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Brothers Big on Birding


Armed with nice cameras with huge lenses, binoculars and bug spray, Eddie and Brett Kasper of Western Springs set out for a quick hike at Fullersburg Woods Forest Preserve in Oak Brook recently. 

“Is that a rose-breasted grosbeak?” Brett asked as he scanned the trees. 

The homeschooled brothers’ passion for birding is shattering stereotypes and attracting a new generation to the pastime. Their two favorite birding spots in DuPage County are Fullersburg Woods and Elsen’s Hill at West DuPage Woods in West Chicago.

“It’s a really fun pastime. You never know where all the birds will be,” said Brett, 13. “It’s unpredictable, you never know what’s going to happen or what you’ll see. You can just relax, not worry about a lot, and breathe in the fresh air.”


Brett Kasper, 13, searches for birds at Fullersburg Woods Forest Preserve in Oak Brook.

How it all started

Eddie, 15, said he’s not sure how he got into birding, but said he taught himself to read with bird books. He remembers getting bird playing cards from a friend and buying his first bird book, Kenn Kaufman’s Field Guide to Birds of North America, at the age of 5. From there he picked up bird and nature books on frequent trips to the library and discovered one of his favorite children’s authors, Thornton Burgess. He also listened to Audubon playback books to learn bird songs, he said. Like most younger siblings, Brett, 13, followed in his older brother’s footsteps and also took up birding.

“We challenge each other,” Eddie said. “We have a rivalry about who sees more birds.”
Eddie has achieved his lifelong goal of seeing 600 ABA (American Birding Association) birds before the age of 16. In 2014-15 he found 145 species of birds within 4 acres of his home.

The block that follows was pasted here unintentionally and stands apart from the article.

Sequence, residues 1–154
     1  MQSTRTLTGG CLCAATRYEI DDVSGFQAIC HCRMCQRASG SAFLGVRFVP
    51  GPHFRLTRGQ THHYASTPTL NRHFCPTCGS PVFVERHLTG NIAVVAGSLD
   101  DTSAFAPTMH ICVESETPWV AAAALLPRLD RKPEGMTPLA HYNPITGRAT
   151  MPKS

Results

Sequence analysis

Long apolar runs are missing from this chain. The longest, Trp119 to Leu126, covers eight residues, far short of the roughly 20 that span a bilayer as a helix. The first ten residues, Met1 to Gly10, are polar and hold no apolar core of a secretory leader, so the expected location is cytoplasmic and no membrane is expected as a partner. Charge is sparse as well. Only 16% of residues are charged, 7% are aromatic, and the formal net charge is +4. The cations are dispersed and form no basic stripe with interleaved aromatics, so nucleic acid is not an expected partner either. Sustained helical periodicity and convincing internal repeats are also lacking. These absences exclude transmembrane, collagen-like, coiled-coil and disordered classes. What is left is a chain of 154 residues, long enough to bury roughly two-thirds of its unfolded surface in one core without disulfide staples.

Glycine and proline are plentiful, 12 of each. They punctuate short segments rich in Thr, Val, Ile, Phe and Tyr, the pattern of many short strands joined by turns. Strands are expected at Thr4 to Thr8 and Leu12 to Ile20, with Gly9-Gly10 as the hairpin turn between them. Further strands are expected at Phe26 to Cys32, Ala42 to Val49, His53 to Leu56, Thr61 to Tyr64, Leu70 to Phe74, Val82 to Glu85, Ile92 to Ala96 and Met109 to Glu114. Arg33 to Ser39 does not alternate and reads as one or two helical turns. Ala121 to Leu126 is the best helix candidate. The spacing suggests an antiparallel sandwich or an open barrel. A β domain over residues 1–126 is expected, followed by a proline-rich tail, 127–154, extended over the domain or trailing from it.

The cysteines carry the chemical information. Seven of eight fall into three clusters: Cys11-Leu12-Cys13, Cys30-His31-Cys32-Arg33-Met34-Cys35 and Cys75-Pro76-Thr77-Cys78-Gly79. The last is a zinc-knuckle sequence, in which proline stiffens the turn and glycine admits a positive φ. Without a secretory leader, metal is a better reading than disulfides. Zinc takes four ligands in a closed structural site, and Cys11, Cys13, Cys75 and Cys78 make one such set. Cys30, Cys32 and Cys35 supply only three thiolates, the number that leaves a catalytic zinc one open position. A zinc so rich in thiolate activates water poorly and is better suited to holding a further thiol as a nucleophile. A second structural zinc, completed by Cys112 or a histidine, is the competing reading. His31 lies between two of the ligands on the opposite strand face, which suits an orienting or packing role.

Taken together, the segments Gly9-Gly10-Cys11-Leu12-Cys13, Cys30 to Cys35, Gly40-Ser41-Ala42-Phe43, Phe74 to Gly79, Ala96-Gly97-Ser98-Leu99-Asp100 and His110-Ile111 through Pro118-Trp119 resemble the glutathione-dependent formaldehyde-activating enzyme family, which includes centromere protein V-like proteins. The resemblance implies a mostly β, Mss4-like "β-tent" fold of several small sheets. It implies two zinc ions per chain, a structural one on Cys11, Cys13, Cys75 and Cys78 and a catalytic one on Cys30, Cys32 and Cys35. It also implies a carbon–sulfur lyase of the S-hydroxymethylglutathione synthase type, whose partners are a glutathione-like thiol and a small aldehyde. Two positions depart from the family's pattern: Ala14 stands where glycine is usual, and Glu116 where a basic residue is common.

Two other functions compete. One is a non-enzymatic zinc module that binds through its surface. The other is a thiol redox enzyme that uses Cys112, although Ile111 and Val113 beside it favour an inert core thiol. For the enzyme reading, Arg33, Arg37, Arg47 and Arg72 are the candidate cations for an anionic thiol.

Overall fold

Sharing their knowledge

Eddie helps lead the Forest Preserve District of DuPage County’s weekly birding program, Fullersbird Friday, and serves as a trip leader and has presented at birding events led by  the Illinois Young BirdersIndiana Young Birders and The Biggest Week in American Birding at the warbler capital of the world in northwest Ohio.

Eddie was one of the youngest trip leaders at The Biggest Week in American Birding, and he also presented at the event. They travel worldwide on birding expeditions; so far Eddie has traveled to 41 states and three countries for birding.

Shattering stereotypes

While in California several years ago, they arrived at a spot in search of the rare yellow green vireo. As older birders saw the boys, they started heading to their cars, assuming the young boys would be loud and chase away the birds. As it turned out, the boys heard the yellow green vireo’s call, prompting folks to return to see the rare bird. Two women who had earlier dismissed the boys ended up befriending them and invited them to join them in San Ysidro in southern California near the Tijuana border to see the red-throated pipit. 

Eddie said birding has helped him make friends with other young birders from across the country. “There’s a whole network of young birders. It’s really fun and social,” he said.

Eddie has gone to summer camps for young birders, including Camp Chiricahua in southeastern Arizona and ABA’s Camp Colorado, and will attend Camp Cascades in the Pacific Northwest later this month.


Eddie Kasper, 15, looks for birds during a recent outing at Fullersburg Woods Forest Preserve in Oak Brook.

Getting started

The brothers say it’s easy to get started at birding. They recommend The Crossley ID Guides by Richard Crossley that are loaded with photos; Kenn Kaufman’s “Birds of North America;” and phone apps like Merlin Bird ID, Sibley eGuide to Birds, iBird Pro and Audubon Bird Guide.

They also recommend joining birding groups. For young birders, there’s Illinois Young Birders group, and Cornell Lab of Ornithology’s young birders web page.

“We’ve helped a lot of kids get into birding,” Brett said. “You won’t see a ton of birds every day; just keep trying. You need to practice it. If you see a bird and know what it is, it makes the experience a lot more fun.”


Eddie and Brett Kasper love to share their passion of birding with other nature enthusiasts.

Forest Preserve District of DuPage County

Photo of blog author Forest Preserve District of DuPage County
The Forest Preserve District of DuPage County welcomes more than 6.2 million visitors a year; and manages nearly 26,000 acres in 60 forest preserves containing prairies, woodlands and wetlands.

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